However, one of the big stories of tonight’s episode was the potential million dollar decision in deciding to get rid of Joe. Spencer himself notes that he could very well be making a game-winning or game-losing choice in his decision to vote out Joe, since this now leaves the girls in the game with a majority. Wentworth, Abi, Tasha, and Kimmi can now take control of the game, and steamroll the guys by just voting them out one-by-one. Sure, Jeremy has an immunity idol no one knows about, but that can only buy him so much time. That idol won’t matter, nor will any immunity wins, unless he can turn the game around to where he regains the majority. Spencer could have gone along with Joe’s plan to vote out Abi, and he probably could have gotten Jeremy and Keith (who ended up throwing a random vote Tasha’s way) to go along with it too, and maybe we wouldn’t have the potential female alliance poised to control this game. But it’s a bit of a double-edged sword. There is no clear choice for Spencer and Jeremy to make in this situation. On the one hand, Tasha did come straight to them with the rumors of the all-female alliance, and she voted with them to get rid of Joe (although, to be fair, that’s also what the all-female alliance ended up doing as well). So there’s no guarantee that Tasha is even on board with the all-female alliance. And if that’s the case, why take the risk of Joe going on a challenge run by leaving him in the game? On the other hand, what if Tasha decides to go along with the all-female alliance? Getting rid of Joe could cost Spencer the entire game. It makes me wonder how good of an idea it really was to get rid of Stephen last week. Then again, if it hadn’t been Stephen, it would have been Joe, and we’d be right back in the same spot with four guys and four girls. Either way, the result is the same: a guy likely goes home this week, leaving Tasha in a power position to either stick with Spencer and Jeremy, or flip to join the women. In essence, the game is in Tasha’s hands right now, and the move she makes next will determine how her game is ultimately perceived by the jury.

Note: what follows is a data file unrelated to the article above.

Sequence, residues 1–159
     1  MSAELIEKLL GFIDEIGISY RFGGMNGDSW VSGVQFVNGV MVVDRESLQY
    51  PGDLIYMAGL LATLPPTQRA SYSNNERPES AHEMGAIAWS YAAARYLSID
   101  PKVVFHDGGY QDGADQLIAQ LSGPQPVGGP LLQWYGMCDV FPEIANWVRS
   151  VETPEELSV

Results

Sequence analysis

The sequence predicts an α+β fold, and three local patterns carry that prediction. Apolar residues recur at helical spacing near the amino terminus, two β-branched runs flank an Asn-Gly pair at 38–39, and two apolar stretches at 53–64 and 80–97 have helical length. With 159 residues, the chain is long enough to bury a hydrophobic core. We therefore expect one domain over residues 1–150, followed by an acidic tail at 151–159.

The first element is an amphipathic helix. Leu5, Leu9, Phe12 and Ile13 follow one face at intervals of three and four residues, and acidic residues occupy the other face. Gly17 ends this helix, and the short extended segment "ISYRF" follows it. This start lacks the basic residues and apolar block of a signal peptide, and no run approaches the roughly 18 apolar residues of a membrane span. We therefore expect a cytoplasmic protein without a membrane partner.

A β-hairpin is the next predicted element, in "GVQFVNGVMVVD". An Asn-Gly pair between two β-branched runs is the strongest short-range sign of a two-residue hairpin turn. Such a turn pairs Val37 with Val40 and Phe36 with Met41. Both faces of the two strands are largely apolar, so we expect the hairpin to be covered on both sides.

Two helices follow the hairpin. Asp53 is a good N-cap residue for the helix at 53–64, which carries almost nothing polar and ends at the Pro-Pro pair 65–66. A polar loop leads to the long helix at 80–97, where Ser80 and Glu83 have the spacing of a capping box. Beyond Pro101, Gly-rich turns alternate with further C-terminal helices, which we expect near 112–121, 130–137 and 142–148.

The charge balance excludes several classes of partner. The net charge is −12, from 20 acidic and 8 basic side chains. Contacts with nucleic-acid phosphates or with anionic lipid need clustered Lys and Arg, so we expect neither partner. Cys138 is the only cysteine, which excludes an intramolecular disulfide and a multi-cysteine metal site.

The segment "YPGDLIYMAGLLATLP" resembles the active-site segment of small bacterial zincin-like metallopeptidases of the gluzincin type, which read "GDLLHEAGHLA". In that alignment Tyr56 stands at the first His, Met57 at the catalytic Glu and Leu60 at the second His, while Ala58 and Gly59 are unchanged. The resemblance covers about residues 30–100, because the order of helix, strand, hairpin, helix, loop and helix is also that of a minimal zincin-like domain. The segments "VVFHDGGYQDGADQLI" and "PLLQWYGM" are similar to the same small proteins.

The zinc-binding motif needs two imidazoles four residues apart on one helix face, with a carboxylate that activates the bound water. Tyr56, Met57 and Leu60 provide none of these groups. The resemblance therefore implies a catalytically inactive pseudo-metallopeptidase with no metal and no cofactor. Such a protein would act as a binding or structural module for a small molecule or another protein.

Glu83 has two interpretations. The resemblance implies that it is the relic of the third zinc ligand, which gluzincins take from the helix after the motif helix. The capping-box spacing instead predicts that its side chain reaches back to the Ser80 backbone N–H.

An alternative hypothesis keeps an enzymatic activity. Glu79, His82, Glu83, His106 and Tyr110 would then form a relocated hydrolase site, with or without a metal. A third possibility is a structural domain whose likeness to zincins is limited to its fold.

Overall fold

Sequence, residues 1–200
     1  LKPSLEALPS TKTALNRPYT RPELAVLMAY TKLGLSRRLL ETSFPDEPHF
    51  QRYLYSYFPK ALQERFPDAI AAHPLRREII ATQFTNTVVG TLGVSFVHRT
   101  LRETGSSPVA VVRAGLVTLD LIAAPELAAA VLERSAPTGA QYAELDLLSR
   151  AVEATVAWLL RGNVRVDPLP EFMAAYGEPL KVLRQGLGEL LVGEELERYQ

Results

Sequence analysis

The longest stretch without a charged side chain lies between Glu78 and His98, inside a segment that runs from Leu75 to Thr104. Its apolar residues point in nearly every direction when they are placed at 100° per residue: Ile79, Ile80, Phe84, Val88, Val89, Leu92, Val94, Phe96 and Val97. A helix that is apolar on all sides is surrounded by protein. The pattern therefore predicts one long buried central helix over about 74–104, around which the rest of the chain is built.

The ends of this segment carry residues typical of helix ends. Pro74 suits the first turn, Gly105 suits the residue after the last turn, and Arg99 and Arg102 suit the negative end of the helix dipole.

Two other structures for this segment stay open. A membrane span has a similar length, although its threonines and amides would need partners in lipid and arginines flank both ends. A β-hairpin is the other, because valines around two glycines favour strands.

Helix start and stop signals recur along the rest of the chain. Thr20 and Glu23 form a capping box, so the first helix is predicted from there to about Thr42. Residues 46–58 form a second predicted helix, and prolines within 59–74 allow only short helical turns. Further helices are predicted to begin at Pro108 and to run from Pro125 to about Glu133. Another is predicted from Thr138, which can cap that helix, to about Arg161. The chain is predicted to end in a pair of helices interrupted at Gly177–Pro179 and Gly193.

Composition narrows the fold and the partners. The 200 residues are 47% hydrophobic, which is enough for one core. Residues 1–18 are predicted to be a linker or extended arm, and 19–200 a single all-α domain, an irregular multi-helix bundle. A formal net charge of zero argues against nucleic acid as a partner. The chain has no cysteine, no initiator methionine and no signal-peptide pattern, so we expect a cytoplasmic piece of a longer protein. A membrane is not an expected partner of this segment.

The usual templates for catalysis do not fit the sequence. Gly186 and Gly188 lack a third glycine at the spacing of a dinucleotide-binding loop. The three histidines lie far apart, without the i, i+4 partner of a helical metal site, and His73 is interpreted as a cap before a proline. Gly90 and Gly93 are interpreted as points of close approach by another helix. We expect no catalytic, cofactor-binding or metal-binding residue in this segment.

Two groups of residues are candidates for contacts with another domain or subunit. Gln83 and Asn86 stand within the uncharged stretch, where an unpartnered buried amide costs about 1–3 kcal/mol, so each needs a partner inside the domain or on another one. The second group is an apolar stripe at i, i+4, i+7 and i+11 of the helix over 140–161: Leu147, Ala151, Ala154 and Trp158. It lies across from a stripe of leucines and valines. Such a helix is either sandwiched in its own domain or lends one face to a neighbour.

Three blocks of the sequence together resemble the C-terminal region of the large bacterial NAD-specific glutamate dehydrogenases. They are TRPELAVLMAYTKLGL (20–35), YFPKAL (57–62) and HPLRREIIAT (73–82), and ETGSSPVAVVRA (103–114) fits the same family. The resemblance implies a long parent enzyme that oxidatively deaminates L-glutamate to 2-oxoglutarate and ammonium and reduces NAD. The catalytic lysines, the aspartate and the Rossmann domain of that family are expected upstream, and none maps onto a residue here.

That said, it wasn’t all drama, as we still got some truly heartwarming moments as a result of the loved ones visits. Jeremy learned the child Val is carrying is a boy, while Joe’s father opened up to him emotionally, in ways he hasn’t before. We even got to see Dale Wentworth again, separated from the context of being That Guy Who Torpedoed His Daughter’s Game. I would also be lying if I said I wasn’t deeply moved by Spencer finally telling his girlfriend he loves her, and Abi and her mother declaring they’re each other’s best friend. I love the family visits, and it provided a welcome ray of sunshine smack in the middle of all this scheming and double-dealing. Granted, Wentworth winning the reward kind of gave away the budding female alliance, as she took Kimmi and Abi-Maria (and also Joe, but that felt like more of a pity pick than anything else). Not much talk came up about Wentworth’s idol, but the fact remains that it’s still in play. And that could be a huge advantage if the all-female alliance comes to pass, as it could potentially be used to keep the women in power at camp. If used correctly, Wentworth has a hell of a case to make for the million, should she make it in front of the jury. And for a season with such savvy players as Survivor: Cambodia – Second Chance has had, that’s really saying something.
But what did you think of Survivor: Cambodia – Second Chance Episode 12, “Tiny Little Shanks to the Heart”? Sound off in the comments!
And for more on Survivor: Cambodia – Second Chance, watch the deleted scenes for last week’s epic, two-hour show!